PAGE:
I would say that even the top Nascar fellows get a little seat time each ride, because there is always something new to learn about around every corner.

Enjoy your riding.

Regards
 

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Discussion Starter #16
ok..took the msf course at honda this past weekend, passed it and got my m/c license. after 3 days of shifting a overused 250cc nighthawk, i am glad to be home to my burgie 400, my joints ache all over ,never want to see another clutch
 

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Congratulations on passing the MSF Ronnie. Now you'll really be racking up some (s)miles on the 400. :D
 

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Congrats on passing the MSF course Ronnie :eek:ccasion7: :D
 

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I thought the link to Honest Charley's bike was interesting. We complain that our 650s only get 45-50mpg, and with a 4 gallon tank have less than a 200mile range. Honest Charley recommends filling the chopper up every 100 miles. Nothing like saving the environment, eh?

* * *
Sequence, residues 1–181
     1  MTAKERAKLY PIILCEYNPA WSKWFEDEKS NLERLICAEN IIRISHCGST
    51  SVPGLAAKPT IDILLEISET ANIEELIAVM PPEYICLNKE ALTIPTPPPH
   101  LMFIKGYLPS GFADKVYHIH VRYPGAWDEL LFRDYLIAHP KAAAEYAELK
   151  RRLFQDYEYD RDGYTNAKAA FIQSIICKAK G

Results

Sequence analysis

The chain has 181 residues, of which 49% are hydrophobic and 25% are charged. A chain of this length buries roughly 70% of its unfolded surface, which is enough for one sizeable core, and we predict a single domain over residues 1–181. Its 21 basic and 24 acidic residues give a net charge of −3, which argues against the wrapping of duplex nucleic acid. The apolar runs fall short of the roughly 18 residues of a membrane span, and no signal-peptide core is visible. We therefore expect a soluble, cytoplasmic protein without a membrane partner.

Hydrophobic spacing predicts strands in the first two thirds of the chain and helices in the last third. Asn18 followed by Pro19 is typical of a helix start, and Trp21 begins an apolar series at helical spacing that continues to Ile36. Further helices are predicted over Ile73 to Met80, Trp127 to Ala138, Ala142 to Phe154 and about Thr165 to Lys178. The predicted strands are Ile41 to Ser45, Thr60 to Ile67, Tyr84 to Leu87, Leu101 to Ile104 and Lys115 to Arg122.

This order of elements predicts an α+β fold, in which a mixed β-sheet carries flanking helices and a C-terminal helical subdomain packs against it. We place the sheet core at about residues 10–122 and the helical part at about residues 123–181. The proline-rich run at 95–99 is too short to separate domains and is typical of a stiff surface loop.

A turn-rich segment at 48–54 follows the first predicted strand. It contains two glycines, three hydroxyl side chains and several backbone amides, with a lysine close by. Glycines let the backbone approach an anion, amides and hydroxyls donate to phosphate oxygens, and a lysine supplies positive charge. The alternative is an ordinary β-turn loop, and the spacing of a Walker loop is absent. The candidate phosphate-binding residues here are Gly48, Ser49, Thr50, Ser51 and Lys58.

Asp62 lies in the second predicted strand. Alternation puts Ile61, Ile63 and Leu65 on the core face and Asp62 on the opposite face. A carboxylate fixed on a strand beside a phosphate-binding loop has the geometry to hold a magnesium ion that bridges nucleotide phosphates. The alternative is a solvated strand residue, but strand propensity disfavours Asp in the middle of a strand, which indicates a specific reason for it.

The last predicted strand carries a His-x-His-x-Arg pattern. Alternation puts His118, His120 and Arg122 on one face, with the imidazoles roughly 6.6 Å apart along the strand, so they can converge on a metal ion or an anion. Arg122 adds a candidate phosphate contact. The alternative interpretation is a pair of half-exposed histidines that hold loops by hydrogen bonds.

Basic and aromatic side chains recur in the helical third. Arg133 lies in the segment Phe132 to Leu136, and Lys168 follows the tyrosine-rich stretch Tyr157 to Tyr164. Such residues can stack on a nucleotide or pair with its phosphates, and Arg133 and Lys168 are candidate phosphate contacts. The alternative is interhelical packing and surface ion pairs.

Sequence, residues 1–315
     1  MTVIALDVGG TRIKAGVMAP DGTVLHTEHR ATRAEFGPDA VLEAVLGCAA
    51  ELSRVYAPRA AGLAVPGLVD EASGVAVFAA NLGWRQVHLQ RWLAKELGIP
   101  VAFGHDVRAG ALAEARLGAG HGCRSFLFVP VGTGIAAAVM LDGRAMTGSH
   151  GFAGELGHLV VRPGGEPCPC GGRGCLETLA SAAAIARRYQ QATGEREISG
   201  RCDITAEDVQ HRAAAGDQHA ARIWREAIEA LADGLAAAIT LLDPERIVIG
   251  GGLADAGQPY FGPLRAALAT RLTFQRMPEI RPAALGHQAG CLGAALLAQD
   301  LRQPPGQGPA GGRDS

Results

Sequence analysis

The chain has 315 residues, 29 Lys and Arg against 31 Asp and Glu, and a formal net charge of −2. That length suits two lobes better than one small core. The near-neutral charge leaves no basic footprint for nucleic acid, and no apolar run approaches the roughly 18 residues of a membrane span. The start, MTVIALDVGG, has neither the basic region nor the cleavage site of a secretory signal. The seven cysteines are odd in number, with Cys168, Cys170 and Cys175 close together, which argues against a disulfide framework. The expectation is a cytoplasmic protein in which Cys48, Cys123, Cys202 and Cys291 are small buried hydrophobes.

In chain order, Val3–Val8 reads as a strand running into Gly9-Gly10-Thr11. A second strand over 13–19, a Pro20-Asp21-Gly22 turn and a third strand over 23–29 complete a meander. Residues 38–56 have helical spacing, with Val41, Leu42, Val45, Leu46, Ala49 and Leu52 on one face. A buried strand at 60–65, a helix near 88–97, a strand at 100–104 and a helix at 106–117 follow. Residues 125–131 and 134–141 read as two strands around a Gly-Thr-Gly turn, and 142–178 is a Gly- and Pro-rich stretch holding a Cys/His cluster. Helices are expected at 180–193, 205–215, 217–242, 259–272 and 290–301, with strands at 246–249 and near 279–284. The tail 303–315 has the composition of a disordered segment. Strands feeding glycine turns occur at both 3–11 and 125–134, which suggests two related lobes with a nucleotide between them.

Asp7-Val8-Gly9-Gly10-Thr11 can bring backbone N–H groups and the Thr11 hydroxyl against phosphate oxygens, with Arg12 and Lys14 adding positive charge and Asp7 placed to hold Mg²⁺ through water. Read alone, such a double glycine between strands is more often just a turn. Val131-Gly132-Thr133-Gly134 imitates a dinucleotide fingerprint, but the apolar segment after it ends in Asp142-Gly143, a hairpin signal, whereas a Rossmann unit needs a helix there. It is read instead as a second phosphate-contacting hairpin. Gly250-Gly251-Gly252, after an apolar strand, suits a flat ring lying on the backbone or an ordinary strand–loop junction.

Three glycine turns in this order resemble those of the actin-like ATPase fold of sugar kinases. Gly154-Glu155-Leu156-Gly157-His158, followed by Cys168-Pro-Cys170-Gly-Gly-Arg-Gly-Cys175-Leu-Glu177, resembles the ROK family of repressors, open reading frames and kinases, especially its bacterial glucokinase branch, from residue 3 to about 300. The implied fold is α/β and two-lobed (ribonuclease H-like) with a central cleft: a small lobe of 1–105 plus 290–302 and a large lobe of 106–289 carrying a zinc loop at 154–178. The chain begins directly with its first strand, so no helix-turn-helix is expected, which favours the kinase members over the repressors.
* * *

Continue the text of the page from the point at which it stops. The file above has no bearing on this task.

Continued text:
As for fast turns and the centrifical effect... yea, it takes some getting used to. I was fortunate to progress from a 50cc moped to a 150 to a 250 and now to this 650 scooter. The only one I ever lost control of or spilled was the first one. That 50cc Yamahopper had some kick, and was vastly different from all the bicycles I'd ridden before. Each successive scooter was just a bigger version of that.

If your Suzuki is your first motorcycle of ANY type, then you've got to take some time to learn it. Zipping down the highway isn't the place. I suggest finding a large empty parking lot. The safety manual that came with my burgman has several "exercises" you can do in a parking lot. If it's your first bike, then you SHOULD go through them.

Be safe, because we like you.

Dave B.